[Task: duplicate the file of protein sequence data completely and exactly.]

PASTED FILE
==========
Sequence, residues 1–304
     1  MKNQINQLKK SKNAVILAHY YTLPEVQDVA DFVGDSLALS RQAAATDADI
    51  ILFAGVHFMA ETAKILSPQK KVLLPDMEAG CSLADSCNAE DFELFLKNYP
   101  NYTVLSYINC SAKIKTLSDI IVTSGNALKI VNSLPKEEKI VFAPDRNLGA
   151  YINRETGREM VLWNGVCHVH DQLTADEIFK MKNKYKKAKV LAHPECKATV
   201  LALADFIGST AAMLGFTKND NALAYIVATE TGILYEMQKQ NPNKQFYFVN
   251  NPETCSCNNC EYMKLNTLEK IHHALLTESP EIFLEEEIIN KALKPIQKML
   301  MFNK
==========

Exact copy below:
Sequence, residues 1–304
     1  MKNQINQLKK SKNAVILAHY YTLPEVQDVA DFVGDSLALS RQAAATDADI
    51  ILFAGVHFMA ETAKILSPQK KVLLPDMEAG CSLADSCNAE DFELFLKNYP
   101  NYTVLSYINC SAKIKTLSDI IVTSGNALKI VNSLPKEEKI VFAPDRNLGA
   151  YINRETGREM VLWNGVCHVH DQLTADEIFK MKNKYKKAKV LAHPECKATV
   201  LALADFIGST AAMLGFTKND NALAYIVATE TGILYEMQKQ NPNKQFYFVN
   251  NPETCSCNNC EYMKLNTLEK IHHALLTESP EIFLEEEIIN KALKPIQKML
   301  MFNK